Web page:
Instead we need to use the function forcats::fct_explicit_na() (the forcats package is part of tidyverse for manipulating factors).

penguins |> 
  mutate(sex = fct_explicit_na(sex, na_level = "missing")) |> 
Warning: There was 1 warning in `mutate()`.
ℹ In argument: `sex = fct_explicit_na(sex, na_level = "missing")`.
Caused by warning:
! `fct_explicit_na()` was deprecated in forcats 1.0.0.
ℹ Please use `fct_na_value_to_level()` instead.
# A tibble: 3 × 2
  sex         n
  <fct>   <int>
1 female    165
2 male      168
3 missing    11 Replacing NA with values from another vector

Sometimes you have a vector with NA and you want to replace the missing values with values from a second vector. The coalesce() can do this.

x <- c(NA, 2, 3, NA)
y <- c(-1, -2, -3, -4)
coalesce(x, y)
[1] -1  2  3 -4

Here, the first value of x is NA, so the first value of y is used. The second value of x is not NA, and so can be used. And so on.

24.1.5 Setting mising values

Some data sets use a number to represent a missing value, for example -9999. Obviously, if you do any calculations with a data set containing -9999 as a missing value, the results could be seriously wrong. Instead we need to replace these values with NA. We can do this with dplyr::na_if().

x <- c(1, 7, -9999)
na_if(x, y = -9999)
[1]  1  7 NA

24.1.6 Missing values and dplyr filter()

dplyr::filter() returns rows where the condition is strictly TRUE. This is usually what you want: if we want to filter penguins with long bills from the penguins dataset we don’t want the birds with unknown bill length.

Occasionally we do want to keep the rows with NA. Perhaps we have a column of comments, many of which are NA, and we only want to remove rows where the non-NA values meet some criterion.

penguins |> 
  filter(sex == "Female" | is.na(sex))
# A tibble: 11 × 8
   species island    bill_length_mm bill_depth_mm flipper_length_mm body_mass_g
   <fct>   <fct>              <dbl>         <dbl>             <int>       <int>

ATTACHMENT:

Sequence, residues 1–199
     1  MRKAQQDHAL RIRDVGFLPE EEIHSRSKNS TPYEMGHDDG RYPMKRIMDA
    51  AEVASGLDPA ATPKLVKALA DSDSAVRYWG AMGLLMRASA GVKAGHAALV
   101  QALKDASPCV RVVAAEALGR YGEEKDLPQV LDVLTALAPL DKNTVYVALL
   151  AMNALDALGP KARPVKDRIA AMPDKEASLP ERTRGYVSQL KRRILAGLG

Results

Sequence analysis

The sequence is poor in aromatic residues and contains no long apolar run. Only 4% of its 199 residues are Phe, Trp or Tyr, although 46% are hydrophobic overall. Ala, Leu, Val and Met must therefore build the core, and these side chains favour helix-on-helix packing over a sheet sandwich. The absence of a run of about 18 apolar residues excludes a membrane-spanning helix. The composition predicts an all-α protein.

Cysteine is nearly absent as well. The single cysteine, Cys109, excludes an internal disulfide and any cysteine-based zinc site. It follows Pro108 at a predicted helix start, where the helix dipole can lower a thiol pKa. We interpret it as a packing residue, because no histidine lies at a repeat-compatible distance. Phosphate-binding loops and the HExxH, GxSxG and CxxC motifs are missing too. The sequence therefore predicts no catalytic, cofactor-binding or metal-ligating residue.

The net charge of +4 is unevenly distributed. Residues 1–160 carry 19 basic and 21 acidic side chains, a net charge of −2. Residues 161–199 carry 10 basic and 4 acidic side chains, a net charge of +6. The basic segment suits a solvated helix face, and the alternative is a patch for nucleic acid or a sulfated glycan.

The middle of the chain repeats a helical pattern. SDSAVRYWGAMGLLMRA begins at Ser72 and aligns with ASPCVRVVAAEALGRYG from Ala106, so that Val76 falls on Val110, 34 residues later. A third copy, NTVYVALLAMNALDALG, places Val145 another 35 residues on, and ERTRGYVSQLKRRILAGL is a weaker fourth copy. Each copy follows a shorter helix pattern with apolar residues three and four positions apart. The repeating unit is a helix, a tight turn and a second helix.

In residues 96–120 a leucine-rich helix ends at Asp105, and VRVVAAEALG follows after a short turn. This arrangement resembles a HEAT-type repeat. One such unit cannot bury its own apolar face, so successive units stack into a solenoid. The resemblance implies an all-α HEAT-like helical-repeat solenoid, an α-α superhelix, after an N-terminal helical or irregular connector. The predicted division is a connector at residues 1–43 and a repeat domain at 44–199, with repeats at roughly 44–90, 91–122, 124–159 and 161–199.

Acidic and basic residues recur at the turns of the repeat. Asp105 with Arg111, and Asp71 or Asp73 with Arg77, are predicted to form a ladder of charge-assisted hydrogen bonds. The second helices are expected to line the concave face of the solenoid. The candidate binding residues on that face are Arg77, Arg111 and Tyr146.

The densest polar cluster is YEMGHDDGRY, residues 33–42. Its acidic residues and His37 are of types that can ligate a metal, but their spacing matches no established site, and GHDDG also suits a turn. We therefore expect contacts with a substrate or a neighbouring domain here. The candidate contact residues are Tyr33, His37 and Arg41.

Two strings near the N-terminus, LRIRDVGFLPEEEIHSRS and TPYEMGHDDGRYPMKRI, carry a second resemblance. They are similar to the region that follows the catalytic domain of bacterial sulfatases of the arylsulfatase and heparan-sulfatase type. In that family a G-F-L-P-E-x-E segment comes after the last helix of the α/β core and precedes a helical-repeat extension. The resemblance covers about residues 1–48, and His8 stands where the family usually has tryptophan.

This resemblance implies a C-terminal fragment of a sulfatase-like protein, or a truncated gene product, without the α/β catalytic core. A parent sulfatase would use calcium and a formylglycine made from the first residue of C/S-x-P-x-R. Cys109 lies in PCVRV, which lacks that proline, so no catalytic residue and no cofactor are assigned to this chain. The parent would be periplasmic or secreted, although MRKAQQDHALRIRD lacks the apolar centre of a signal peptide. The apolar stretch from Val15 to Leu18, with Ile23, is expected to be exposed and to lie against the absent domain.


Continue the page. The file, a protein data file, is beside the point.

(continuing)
1 Adelie  Torgersen           NA            NA                  NA          NA
 2 Adelie  Torgersen           34.1          18.1               193        3475
 3 Adelie  Torgersen           42            20.2               190        4250
 4 Adelie  Torgersen           37.8          17.1               186        3300
 5 Adelie  Torgersen           37.8          17.3               180        3700
 6 Adelie  Dream               37.5          18.9               179        2975
 7 Gentoo  Biscoe              44.5          14.3               216        4100
 8 Gentoo  Biscoe              46.2          14.4               214        4650
 9 Gentoo  Biscoe              47.3          13.8               216        4725
10 Gentoo  Biscoe              44.5          15.7               217        4875
11 Gentoo  Biscoe              NA            NA                  NA          NA
# ℹ 2 more variables: sex <fct>, year <int>

Here the | means OR in Boolean logic.

24.1.7 Missing values and dplyr if_else() and case_when()

Sometimes is it useful to set values to NA with if_else() (when there is a choice of two outcomes) or case_when() (when there is a choice of two or more outcomes).

All possible values returned by if_else() and case_when() need to be of the same type (character, numeric, integer, logical). If the types are inconsistent, an error is produced. This is useful as forcing consistency helps avoid unexpected behaviour.

x <- 0:2
  x == 0 ~ NA,
  x == 1 ~ "One",
  x == 2 ~ "Two"
[1] NA    "One" "Two"

The problem occurs here because NA is treated as a logical vector, while the other values are characters. The solution is to use NA_character_ which is an NA with the correct type.

x <- 0:2
  x == 0 ~ NA_character_,
  x == 1 ~ "One",
  x == 2 ~ "Two"
[1] NA    "One" "Two"

Other typed NA include NA_real_ for numeric values and NA_integer for integer values.

24.2 Statistics with missing values

24.2.1 NA arithemetic

What is five plus an unknown number? The answer is, of course, unknown.

5 + NA
[1] NA

NA are contagious in calculations: if one value is NA the result is NA. This effects many descriptive statistics.

x <- c(1, 7, NA)
[1] NA
[1] NA
[1] NA

The solution is to use the na.rm argument to these functions to exclude the NA from the calculation.

sum(x, na.rm = TRUE)
[1] 8
mean(x, na.rm = TRUE)
[1] 4
min(x, na.rm = TRUE)
[1] 1

24.2.2 NA in correlations and covariances

The functions for calculating correlation, cor(), and covariance, cov(), work a little differently as these functions can work on two vectors or on a matrix or data frame. The use argument is used to control how NA are treated.

By default, if any values are NA in either vector, the result is also NA. If you want to find the correlation between two vectors without the NA, then use